The Conservative government wishes to end the practise of offering a 2-for-1 credit on time served in jail awaiting trial. This makes a lot of sense, as evidenced by the fact that the bill has multi-partisan support. My only caveat is, I would hope that the bill comes with additional measure and/or funding to expidite trials, so that justice is served promptly, and people serve more of their time as convicted criminals rather than potentially innocent people awaiting judgement.
(And, on second thought, Runesmith notes that the reason time served before conviction is credited two-for-one is the result of legal precedent rather than some legislation somewhere, so the Harper government’s lawyers might want to take a careful look at this one, and ask themselves, why does the legal precedent exist? Could it be because of an individual’s right to a speedy trial? Again, one hopes that this legislation will contain measures that will speed up the judicial process properly, so that criminals serve time rather than the merely accused. Because if things remain slow, a judge might point to this Charter right as a reason why a case should be thrown out. I guess we’ll see.)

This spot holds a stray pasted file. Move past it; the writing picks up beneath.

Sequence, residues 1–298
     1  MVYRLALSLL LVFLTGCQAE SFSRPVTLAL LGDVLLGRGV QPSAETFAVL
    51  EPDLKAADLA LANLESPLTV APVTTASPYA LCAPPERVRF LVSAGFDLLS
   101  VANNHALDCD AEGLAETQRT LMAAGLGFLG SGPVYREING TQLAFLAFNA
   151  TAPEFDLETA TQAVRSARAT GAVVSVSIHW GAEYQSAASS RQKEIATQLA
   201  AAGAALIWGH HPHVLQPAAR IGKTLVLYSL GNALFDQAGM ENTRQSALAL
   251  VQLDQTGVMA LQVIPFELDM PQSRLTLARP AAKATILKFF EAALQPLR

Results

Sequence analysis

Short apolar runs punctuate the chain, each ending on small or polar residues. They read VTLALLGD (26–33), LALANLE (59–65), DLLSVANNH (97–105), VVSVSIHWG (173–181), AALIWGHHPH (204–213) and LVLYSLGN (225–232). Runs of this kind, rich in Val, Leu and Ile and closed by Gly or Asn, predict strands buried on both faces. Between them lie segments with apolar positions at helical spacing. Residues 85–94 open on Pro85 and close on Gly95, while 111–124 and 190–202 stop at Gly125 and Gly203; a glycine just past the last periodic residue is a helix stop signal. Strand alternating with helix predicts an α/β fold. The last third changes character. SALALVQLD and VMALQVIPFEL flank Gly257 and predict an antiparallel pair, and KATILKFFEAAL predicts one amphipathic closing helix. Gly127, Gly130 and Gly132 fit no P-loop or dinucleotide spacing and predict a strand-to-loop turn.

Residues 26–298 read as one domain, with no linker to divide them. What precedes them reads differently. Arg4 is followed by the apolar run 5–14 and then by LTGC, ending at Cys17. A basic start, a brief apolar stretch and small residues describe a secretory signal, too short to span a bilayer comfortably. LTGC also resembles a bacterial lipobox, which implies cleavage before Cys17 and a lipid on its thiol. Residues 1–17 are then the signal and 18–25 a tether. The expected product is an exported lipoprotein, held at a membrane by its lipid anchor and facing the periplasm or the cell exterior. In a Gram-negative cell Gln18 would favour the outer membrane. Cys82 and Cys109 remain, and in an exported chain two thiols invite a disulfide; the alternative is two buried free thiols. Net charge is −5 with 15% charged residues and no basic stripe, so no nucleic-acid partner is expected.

Similarly, Dalton McGuinty’s proposal to harmonize the Ontario provincial sales tax with the federal goods and services tax is an idea that’s long overdue. Assuming that the change is revenue-neutral (meaning that McGuinty may have to lower the PST rate by a percentage point or two, given that the GST applies to more things than the PST does), it just makes financial sense. Although it means some items will see their consumption taxes increased, you remove the cost of duplicate bureaucratic oversight, and save businesses (especially small businesses like restaurants) paperwork. Works for me.
(And, on second thought, the budget seems good in its package of tax cuts and stimulus spending, but the McGuinty government has been a little bit sneaky, here. I had assumed that, to acknowledge the fact that the GST applies to more things than the PST does, McGuinty would knock a percentage point off the harmonized PST to keep things revenue neutral. Instead, McGuinty kept things revenue neutral through the use of rebates ($1000 for all families earning under $160,000 in the first year, $300 for individuals earning under $80,000 in the years following). When the family-based rebates run out in June 2011, the PST will still be 8%, but applied to more goods and services. So this is essentially a sneaky tax increase.
Sneakier still, if it turns out that the new PST does add more money than expected into provincial coffers, the McGuinty government has room to knock a percentage point off the PST in June 2011, making for a significant tax cut four months before the next election.
Strategically this is brilliant, but I’m still not sure if I like the McGuinty government being this sneaky with their reforms.)